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I have tall thin Junipers in my backyard. They resemble a Hollywood Juniper but I am not sure of their species. They are 25 years old and have begun to look like they are dying, the needles are turning brown and falling off. Is there anything I can do to save them?

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A

  Junipers are some of our most hardy landscape plants, but can develop problems when the weather is very hot (such as it has been this summer!)   I suspect your junipers need more water. They are mature trees now,
and their root systems are probably quite extensive. Realize that they may have extended their roots outwards at least 25 feet (same as their height).So, if you have be watering only as much as usual, and these trees are
surrounded by lawn, they are probably heat stressed and need more water. 

I usually recommend watering trees extra during the hot summer months, making sure to deliver the water over most of the root zone, applying the water slowly enough so that the soil is wet 12 to 18 inches deep. This deeper soil moisture will be available to the trees but not to the lawn grass, so you can be sure that the trees will be able to take it up. Soaker hoses are great for this purpose, since they emit water very slowly and the water can percolate down into the soil without running off down grade.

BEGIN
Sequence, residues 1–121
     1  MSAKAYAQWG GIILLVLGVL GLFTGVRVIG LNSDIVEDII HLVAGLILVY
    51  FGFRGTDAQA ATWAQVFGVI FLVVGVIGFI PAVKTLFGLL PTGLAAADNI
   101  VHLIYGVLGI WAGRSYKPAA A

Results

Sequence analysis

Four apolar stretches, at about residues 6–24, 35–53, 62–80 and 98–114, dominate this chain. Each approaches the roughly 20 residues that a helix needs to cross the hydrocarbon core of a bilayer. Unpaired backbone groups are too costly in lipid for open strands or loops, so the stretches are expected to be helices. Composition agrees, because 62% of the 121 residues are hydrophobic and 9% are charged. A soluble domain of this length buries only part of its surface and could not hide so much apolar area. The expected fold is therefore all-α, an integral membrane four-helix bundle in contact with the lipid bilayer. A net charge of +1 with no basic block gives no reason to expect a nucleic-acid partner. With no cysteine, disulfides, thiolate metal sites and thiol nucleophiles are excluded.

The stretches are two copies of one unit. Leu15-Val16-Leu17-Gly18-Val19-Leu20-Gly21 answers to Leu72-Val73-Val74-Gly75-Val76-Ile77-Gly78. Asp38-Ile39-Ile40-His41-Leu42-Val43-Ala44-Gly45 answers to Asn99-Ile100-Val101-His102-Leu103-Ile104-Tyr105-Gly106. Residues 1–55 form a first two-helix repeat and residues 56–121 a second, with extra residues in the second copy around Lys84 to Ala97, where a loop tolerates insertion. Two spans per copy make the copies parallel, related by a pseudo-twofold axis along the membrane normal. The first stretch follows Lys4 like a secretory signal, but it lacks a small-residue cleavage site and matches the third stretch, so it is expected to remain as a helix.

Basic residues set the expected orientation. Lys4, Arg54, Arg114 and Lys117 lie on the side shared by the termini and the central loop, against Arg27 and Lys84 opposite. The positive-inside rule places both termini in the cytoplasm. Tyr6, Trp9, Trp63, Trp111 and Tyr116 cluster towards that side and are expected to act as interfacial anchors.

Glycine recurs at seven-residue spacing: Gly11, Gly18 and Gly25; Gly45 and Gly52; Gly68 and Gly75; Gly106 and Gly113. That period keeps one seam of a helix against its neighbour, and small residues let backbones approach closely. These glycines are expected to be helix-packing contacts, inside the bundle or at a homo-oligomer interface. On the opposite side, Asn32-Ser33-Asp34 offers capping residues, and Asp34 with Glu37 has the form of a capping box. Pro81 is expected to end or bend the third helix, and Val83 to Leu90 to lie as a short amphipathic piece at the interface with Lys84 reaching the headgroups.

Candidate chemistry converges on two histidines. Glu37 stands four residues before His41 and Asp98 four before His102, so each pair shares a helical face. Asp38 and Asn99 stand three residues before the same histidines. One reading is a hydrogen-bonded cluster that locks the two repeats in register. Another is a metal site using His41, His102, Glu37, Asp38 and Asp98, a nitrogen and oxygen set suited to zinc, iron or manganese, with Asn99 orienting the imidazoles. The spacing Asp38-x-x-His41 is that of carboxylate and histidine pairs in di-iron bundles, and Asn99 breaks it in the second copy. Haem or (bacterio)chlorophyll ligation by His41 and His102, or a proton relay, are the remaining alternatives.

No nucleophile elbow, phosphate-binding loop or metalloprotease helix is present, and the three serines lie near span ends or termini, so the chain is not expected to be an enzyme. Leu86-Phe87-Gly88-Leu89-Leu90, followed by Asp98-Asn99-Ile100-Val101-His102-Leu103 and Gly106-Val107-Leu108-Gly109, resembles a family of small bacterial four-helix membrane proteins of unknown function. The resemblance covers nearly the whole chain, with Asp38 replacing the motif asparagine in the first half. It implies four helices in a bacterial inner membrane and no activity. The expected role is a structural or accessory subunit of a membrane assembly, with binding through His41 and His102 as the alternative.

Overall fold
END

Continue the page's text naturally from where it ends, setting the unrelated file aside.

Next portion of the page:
When junipers are stressed, they are very attractive to spidermites. You can check for spider mites by holding a white piece of paper under a branch, striking the branch sharply, and catching the "dust" onto the paper.  Watch the dust a moment. If pieces of "dust" start crawling around, the tree is infested with spider mites.    To control spider mites without significantly harming the beneficial mites and insects that prey on them, try spraying the trees with a sharp stream of water every few days. This, plus the extra water you will provide, will probably help the trees regain their vigor. A shot of nitrogen fertilizer over their root zone would probably help, too. Apply the fertilizer before doing the deep watering so that it reaches the deeper tree roots (and won't be "stolen" by the lawn grass).

Posted on 15 Aug 2007

Maggie Wolf
Horticulture Agent, Salt Lake County

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